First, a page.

Sunday, October 22, 2017

Book Review: 'The Last Oracle' by Christopher Hepworth


‘Those who will not reason, perish in the act.
Australian author Christopher Hepworth was born in the UK and raised in Zambiia in central Africa. Writing is a second career for Christopher – he was a professional highly award negotiator for some of the world’s largest companies in the world and his working with a variety of captains of industry supplied him with ideas for characters and concepts of his written work. As he states, ‘The exotic characters in his books reflect his fascination with the charismatic and proud, but often maligned warrior nations around the world, whose stories are screaming to be told. His desk-bound corporate warriors come face to face with those proud peoples, who have suffered the misfortunes of fate and history but their dignity and aspirations remain intact. His series – The Sam Jardine Crime Thrillers – birth a new type of hero, ‘Sam Jardine must use his occupational skills to thwart the ambitions of ruthless villains who seek to subordinate the world with their depraved sense of moral values. Armed only with a sense of justice, respect for ancient warrior cultures and an extraordinary talent for negotiation, can he win the day or will he be engulfed in the cesspit of corporate politics? For the sake of world peace, let’s hope Sam Jardine is up to the task.’

Few authors of the thriller category can summon a sophisticated opening that suggests the tension that is to come as well as Christopher. ‘Luxor, Egypt, 12th September 1997 -The Egyptologist applied a cool, damp cloth to the fevered brow of her twelve-year-old daughter. There had been an outbreak of malaria in the busy city of Luxor and many children had died from the mosquito-borne disease. Saara gazed at her beautiful daughter and fretted she had left her telephone call to the doctor too late. There was no denying Sienna was different from other children, even allowing for her mixed-race bloodlines. She was beautiful beyond imagination and taller than the other children in her classroom. Sienna was academically gifted to the point of brilliance, but her mother worried about her social development. Her daughter was remote with other children and possessed an extraordinary spiritual awareness that unnerved those around her. The local imam had suggested sending Sienna to the Luxor Al-Azhar school, where she would receive a strict religious education, but on her mediocre government wage, Saara would struggle to afford the fees. Saara had often considered writing to the wealthy American, Rex Daingerfield, to let him know he had a daughter, and only Allah knew how much she needed the money. But she feared the handsome American oil tycoon with his sophisticated Western ways would take Sienna out of Egypt, leaving Saara with nothing but her memories.’ And with this tenor he plunges us forward into the story whose nidus is buried in this opening chapter.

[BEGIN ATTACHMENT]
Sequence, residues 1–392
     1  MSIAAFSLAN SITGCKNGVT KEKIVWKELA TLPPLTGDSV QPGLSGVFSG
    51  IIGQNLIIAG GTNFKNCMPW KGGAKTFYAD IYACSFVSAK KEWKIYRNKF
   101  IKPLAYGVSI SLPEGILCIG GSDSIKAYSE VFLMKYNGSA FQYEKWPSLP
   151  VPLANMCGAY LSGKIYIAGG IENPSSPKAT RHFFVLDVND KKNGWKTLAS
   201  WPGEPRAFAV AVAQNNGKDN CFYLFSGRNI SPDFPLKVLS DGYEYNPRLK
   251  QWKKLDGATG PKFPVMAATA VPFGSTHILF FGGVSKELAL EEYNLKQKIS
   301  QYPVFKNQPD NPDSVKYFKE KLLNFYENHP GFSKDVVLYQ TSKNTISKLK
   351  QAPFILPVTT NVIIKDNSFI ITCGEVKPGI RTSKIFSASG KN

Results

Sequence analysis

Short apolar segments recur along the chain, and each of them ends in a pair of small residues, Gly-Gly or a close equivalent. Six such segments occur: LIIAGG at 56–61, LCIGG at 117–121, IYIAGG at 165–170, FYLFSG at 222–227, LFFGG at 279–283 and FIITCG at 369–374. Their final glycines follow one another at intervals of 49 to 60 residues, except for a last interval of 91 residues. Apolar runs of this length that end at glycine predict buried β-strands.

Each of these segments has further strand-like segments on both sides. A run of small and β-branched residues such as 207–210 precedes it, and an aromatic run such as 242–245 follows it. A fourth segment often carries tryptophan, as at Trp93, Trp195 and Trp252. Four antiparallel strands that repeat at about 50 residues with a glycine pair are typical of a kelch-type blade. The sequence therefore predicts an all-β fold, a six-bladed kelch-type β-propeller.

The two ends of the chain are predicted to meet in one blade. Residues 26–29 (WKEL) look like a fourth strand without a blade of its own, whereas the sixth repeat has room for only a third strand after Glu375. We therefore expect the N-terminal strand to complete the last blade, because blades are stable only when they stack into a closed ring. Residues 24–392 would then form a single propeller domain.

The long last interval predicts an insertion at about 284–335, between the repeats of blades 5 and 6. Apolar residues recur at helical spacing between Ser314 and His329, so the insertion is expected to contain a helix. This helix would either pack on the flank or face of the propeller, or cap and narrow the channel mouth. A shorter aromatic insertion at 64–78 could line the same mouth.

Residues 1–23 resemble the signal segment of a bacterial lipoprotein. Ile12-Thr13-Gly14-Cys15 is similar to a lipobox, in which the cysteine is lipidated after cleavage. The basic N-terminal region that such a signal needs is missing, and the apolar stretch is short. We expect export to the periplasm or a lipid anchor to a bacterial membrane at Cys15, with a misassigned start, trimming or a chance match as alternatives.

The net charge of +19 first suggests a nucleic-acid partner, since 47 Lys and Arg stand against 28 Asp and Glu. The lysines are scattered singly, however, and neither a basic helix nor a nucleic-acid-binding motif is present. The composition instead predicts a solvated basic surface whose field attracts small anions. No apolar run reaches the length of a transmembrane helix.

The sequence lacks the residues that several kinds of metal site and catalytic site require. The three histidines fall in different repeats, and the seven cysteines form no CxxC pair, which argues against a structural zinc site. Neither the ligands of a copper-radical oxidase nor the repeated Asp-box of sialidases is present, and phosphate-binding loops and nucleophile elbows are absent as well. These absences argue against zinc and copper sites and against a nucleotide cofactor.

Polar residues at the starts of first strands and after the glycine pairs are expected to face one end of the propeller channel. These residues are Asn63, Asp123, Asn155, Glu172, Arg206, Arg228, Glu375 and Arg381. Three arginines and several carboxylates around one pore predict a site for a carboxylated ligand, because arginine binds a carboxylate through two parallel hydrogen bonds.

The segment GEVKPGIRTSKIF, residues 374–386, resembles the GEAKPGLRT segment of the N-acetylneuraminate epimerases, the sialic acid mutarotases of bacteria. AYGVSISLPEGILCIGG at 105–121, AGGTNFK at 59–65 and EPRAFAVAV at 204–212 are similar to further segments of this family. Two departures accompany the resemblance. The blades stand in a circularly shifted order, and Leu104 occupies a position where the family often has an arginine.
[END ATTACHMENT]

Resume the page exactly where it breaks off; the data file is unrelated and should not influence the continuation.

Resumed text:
‘As a series of bizarre climate-related events occur across our planet, it seems the world is edging towards a catastrophic tipping point. Rex Daingerfield is the owner of a giant fracking company that seeks to exploit a rich seam of gas in the environmentally sensitive Greenland ice shelf. But Daingerfield has a nemesis – his daughter. Born to an Egyptian mother, she is inducted as the Oracle of the Temple of Sekhmet. Her role is to protect the earth from the likes of her father. The Oracle recruits the world’s greatest negotiator, Sam Jardine, to convince her father to change his destructive business model. But a secret society of the rich and powerful stands to profit from the chaos that has gripped the world. Led by an errant priest from the Temple of Sekhmet, he will do anything to stop Jardine. As the planet edges closer to disaster, Jardine is confronted by politicians, lobbyists, vested interests – even his own radicalised half-brother – all of whom stand to gain from the mayhem about to be unleashed.’

Superlative fast paced thriller written with elegance and panache. Highly recommended. Grady Harp, October 17

This book is free to borrow from Kindle Unlimited









Editor's note: This review has been published with the permission of Grady Harp. Like what you read? Subscribe to the SFRB's free daily email notice so you can be up-to-date on our latest articles. Scroll up this page to the sign-up field on your right.

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